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    • Join Date: Oct 2004
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    #1

    the use of "quite"

    Hello

    I have a question with the use of 'quite' . I hope somebody can help me.

    Does 'quite good' mean more than good, but less then 'very good' ?

    How about "quite right" ? does it mean not right, but nearly right?

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    • Join Date: Dec 2006
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    #2

    Re: the use of "quite"

    Quote Originally Posted by seagirl View Post
    Hello

    I have a question with the use of 'quite' . I hope somebody can help me.

    Does 'quite good' mean more than good, but less then 'very good' ?

    How about "quite right" ? does it mean not right, but nearly right?
    This is what I got from a dictionary. It explains a lot:

    adverb: to the greatest extent; completely (Example: "You're quite right")
    adverb: to a degree (not used with a negative) (Example: "Quite tasty")


    • Join Date: Oct 2004
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    #3

    Re: the use of "quite"

    Thanks ian2

    Under what condition does the adverb 'quite' mean 'the greatest extent' or 'to a degree'?

    Can I say because 'right' can't be modified by ' very' (actually, we can't say 'very right', can we?), so the use of adverb 'quite' in 'quite right' means 'completely'; while 'tasty' can be modified by 'very', so the adverb 'quite' in 'quite tasty' carries the meaning of 'to a degree' ?

    In fact, does "to a degree" mean 'less then completely' but 'more than expected'?

  1. Harry Smith's Avatar
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    #4

    Re: the use of "quite"

    Quote Originally Posted by seagirl View Post
    Hello

    I have a question with the use of 'quite' . I hope somebody can help me.

    Does 'quite good' mean more than good, but less then 'very good' ?

    How about "quite right" ? does it mean not right, but nearly right?
    "Quite" means less than "very"


    • Join Date: Oct 2004
    • Posts: 25
    #5

    Re: the use of "quite"

    Quote Originally Posted by Harry Smith View Post
    "Quite" means less than "very"
    Thanks Harry :)

  2. Harry Smith's Avatar
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    #6

    Re: the use of "quite"

    Quote Originally Posted by seagirl View Post
    Thanks Harry :)
    You are very very welcome, Seagirl!


    • Join Date: May 2006
    • Posts: 1,335
    #7

    Re: the use of "quite"

    Quote Originally Posted by Harry Smith View Post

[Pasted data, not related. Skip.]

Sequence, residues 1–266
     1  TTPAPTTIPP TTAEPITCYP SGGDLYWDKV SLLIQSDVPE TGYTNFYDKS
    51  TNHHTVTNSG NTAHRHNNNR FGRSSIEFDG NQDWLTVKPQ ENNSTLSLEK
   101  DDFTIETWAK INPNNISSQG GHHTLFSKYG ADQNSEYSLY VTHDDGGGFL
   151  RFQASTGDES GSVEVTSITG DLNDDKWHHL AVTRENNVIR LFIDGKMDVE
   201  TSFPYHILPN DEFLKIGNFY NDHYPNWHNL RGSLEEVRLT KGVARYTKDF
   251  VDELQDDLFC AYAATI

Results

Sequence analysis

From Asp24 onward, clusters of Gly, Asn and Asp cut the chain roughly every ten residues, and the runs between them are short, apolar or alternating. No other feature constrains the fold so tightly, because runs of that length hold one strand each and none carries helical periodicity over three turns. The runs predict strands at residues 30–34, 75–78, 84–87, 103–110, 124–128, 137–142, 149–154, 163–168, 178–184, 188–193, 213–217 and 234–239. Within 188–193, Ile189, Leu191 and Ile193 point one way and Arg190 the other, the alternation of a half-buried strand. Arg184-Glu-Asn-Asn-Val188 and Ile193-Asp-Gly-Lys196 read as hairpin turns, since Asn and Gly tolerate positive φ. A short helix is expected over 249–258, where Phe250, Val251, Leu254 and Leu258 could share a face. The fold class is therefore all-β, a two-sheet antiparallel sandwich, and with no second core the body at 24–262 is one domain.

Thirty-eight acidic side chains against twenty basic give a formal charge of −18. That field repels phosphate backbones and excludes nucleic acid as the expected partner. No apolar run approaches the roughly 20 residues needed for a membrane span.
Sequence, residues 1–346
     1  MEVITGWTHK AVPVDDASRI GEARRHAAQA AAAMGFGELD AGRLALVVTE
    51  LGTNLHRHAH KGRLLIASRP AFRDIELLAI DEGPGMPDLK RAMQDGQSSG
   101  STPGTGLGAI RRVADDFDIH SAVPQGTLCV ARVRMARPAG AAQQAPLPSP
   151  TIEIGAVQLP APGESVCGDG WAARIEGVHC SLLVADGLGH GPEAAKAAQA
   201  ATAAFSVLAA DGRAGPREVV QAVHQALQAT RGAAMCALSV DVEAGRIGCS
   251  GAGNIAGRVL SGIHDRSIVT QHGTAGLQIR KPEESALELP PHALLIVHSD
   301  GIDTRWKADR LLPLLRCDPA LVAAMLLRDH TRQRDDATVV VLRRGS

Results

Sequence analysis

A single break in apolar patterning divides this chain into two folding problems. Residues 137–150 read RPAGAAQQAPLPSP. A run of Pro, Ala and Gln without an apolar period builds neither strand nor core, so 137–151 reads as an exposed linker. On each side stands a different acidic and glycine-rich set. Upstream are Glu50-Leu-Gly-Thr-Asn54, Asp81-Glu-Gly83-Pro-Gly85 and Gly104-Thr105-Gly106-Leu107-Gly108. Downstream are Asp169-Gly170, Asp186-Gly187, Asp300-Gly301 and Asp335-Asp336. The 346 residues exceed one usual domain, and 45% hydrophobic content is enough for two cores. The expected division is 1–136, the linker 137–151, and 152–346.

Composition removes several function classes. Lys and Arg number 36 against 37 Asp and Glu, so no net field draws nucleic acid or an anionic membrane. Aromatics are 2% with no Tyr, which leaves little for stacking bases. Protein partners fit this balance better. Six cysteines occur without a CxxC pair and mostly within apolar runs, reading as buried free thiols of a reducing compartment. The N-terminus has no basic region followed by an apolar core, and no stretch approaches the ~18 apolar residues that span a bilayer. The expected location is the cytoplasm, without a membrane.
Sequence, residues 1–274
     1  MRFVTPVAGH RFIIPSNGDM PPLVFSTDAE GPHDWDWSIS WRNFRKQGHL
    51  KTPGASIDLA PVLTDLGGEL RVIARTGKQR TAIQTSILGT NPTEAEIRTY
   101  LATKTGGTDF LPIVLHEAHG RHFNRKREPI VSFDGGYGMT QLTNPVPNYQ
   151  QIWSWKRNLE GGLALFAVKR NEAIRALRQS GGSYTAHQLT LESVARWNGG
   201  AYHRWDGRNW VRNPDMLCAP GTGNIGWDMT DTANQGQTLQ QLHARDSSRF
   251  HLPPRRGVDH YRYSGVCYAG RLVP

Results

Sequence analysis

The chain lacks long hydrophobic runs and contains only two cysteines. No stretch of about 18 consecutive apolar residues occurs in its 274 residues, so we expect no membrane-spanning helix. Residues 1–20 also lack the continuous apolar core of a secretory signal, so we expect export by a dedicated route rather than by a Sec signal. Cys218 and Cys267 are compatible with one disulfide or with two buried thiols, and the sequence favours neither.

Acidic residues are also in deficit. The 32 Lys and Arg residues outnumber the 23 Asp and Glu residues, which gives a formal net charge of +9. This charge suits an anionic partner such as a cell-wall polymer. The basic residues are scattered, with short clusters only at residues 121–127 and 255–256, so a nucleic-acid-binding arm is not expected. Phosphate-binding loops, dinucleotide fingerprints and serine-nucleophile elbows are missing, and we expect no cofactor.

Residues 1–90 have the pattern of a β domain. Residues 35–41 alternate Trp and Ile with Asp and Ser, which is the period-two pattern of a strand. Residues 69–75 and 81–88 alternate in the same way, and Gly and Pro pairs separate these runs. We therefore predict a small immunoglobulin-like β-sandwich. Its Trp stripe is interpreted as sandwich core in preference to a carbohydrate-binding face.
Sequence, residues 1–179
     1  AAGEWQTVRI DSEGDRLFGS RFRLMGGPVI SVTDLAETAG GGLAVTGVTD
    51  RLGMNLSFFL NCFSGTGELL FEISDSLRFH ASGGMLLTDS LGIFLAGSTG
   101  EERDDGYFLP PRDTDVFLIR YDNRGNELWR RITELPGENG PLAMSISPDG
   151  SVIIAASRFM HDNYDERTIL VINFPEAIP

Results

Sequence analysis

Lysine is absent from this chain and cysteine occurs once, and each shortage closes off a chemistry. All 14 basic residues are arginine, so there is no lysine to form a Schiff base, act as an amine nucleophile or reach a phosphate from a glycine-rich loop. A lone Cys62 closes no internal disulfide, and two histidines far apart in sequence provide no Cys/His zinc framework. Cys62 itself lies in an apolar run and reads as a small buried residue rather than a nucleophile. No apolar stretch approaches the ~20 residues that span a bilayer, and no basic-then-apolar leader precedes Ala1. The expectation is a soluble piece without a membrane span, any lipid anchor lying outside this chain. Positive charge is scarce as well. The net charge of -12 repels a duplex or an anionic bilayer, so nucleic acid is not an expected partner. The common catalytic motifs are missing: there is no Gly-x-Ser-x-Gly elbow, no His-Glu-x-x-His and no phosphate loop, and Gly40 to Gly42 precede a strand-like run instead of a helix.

"Quite" means less than "very"
    Hi,
    It's a bit simplistic, Harry. Quite has 2 meanings, as Ian2 explained :
    1. fairly, rather
    2. absolutely,completely
    quite right, quite dead
    Besides, in AmE quite with gradable adjectives often means sth like very, not fairly, rather.
    Source: M.Swan.
    The usage of quite, fairly, rather, pretty is an interesting grammar topic. Tree or four years ago I made a rule for it. I knew I was reinventing the wheel, but then I had neither the Internet, nor M.Swan.

    Regards


    • Join Date: Oct 2004
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    #8

    Re: the use of "quite"

    Hello, Humble. Thank you for your reply:) Does that mean the concept of 'quite good' is different among the English speakers?

    In fact, how do I know if an adjective is gradable? Does it say in the dictionary?

    I'm interested in your own rule for the usage of 'quite'. May I take this opportunity to ask you to share it with us?

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    #9

    Re: the use of "quite"

    You can test by seeing if you can use other modifiers like very/fairly. You can say very/fairly good, but it is much less common to hear very/fairly dead.

    There is an area in the middle, where it can be unclear and the speaker's tone of voice would be important. 'Quite ill' if said with stress on the first word would probably mean 'seriously', but without the stress could mean 'not so seriously' in BrE. There are as Humble says a few differences between the variants and, I believe, that an American speaker would interpret 'quite ill' as being serious.


    • Join Date: May 2006
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    #10

    Re: the use of "quite"

    Hi, Seagirl,
    My home-made rule is in fact a rule of thumb, made without enough resources. It's written in Russian and isn't small - one and a half pages of a4.
    I am not sure it's worth translating into English as M.Swan surely explains evrth better for international audience.
    On the other hand even now I don't scrap all my numerous rules as they are made specially for Russian-speaking learners and are meant to prevent all typical mistakes.

    Regards

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